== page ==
Square, Inc. enables sellers to accept payments and aggregate sales analytics. Through it's Cash App Network, it provides a bank account, brokerage account, and a peer-to-peer (P2P) transaction platform.
- Cash App
- Allows users to store, spend, send, and invest money. Cash App is becoming a one stop personal finance app for consumers and business owners.
- Magstripe Reader
- Accepts contactless, swiped, and chip reader transactions
- Square Stand
- Enables an iPad to be used as a payment terminal or full point of sale (POS) solution
- Square Terminal
- Payments device and receipt printer to replace traditional keypad terminals
- Square Register
- Combines Square's hardware, POS software, and payments technology into one product for business owners
- Website hosting, designing, and domain name registration
- Square acquired a majority stake in music streaming service, Tidal, for $297 million in March 2021
Founded in 2009 by Jack Dorsey and Jim McKelvey, Square has been a growth story since its inception. After releasing their first batch of card readers that transmitted data via the headphone jack of smartphones, tablets, and computers, Square was processing $1 million in gross payment volume (GPV) per day within months. Square defines gross payment volume (GPV) as the total dollar amount of all card payments processed by sellers using Square (includes Cash app). In 2011, within a year of that initial release, gross payment volume soared to $3 million/day. In August 2012, Square partnered with Starbucks to process transactions for card payments. That year, they processed $6.5 billion in gross payment volume (GPV) excluding Starbucks transactions.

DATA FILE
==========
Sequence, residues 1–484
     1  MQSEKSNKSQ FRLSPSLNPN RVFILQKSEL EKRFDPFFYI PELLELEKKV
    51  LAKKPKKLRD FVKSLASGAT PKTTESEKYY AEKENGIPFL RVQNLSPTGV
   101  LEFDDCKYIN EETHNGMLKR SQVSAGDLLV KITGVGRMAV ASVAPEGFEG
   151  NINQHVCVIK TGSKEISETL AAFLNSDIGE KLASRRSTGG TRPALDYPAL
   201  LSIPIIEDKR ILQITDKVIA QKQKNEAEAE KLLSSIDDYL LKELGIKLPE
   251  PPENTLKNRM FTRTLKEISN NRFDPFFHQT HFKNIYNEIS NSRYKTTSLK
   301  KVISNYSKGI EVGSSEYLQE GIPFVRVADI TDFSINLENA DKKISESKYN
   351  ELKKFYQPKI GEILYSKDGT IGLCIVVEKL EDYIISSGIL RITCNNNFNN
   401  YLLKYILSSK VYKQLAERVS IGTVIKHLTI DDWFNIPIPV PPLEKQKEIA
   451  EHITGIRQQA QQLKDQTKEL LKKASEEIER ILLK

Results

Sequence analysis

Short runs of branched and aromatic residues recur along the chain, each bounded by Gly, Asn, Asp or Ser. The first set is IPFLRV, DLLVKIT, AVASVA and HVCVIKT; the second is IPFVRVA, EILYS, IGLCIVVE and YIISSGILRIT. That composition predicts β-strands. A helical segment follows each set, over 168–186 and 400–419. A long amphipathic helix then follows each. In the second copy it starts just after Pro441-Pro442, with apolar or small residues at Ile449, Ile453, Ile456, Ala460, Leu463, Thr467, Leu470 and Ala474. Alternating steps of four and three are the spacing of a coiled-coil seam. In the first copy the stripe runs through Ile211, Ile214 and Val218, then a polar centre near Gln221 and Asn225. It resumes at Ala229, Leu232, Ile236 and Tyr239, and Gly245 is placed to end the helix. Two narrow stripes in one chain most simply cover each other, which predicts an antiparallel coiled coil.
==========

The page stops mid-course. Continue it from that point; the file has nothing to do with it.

As a result of their quality products, expansive marketing, and innovative fintech ecosystem, Square processes upwards of $100B GPV per year (excluding Starbucks transactions), even during a pandemic! In the past several years, a lot of their growth can be attributed to Cash App.
So, what's Cash App all about? It's an app that allows for direct peer-to-peer payments through mobile devices. With your Cash App balance, users have the option to hold their cash like a savings account or invest it in stocks and/or cryptocurrencies. Additionally, users have the ability to sign up for a "Cash Card" debit card with instant discounts (boosts) for your favorite companies.
Despite starting off as a side project, Cash App has become Square's revenue driver and growth engine. Today, Cash App is the second largest digital wallet in the US and accounts for 62% of Square's revenue (2020).
Now that we all understand the product, let's see where Cash App is headed. To project Cash App's growth moving forward, we can use Maximilian Friedrich's data on China's adoption of digital wallets to serve as the best frame of reference:
To highlight the significance of this for Square, China's mobile payment methods "generated $43 billion in 2019 revenues, far exceeding the approximate $22 billion for the rest of the world collectively" (McKinsey 2020 Global Payments Report).
While the U.S. is far from China in terms of mobile payment adoption, Square has built the ecosystem for us to get there. By enabling peer-to-peer (P2P) payments, Cash app has taken advantage of network effects to acquire millions of new customers with a relatively tiny cost per acquisition (CAC). For reference, the CAC for a retail checking account from a traditional bank is between $350-$1,500; CAC for a brokerage platform is between $750-$1,000. All the while, Cash App serves as a bank, a brokerage account, a P2P transaction platform and Square's CAC is less than $5. Crazy right. How does that work? Peer-to-peer (P2P) transactions serve as the primary acquisition channel for Cash App. P2P transactions have robust network effects because every time a customer requests or sends money, Cash App can acquire a new customer or reengage an existing customer. While Square doesn't generate revenue on the majority of peer-to-peer (P2P) transactions, they're able to acquire new clients for next to nothing.
The power of network effects has led to the exponential increase of Cash App monthly active users. In 2020, Square processed payments for 36 million monthly active users.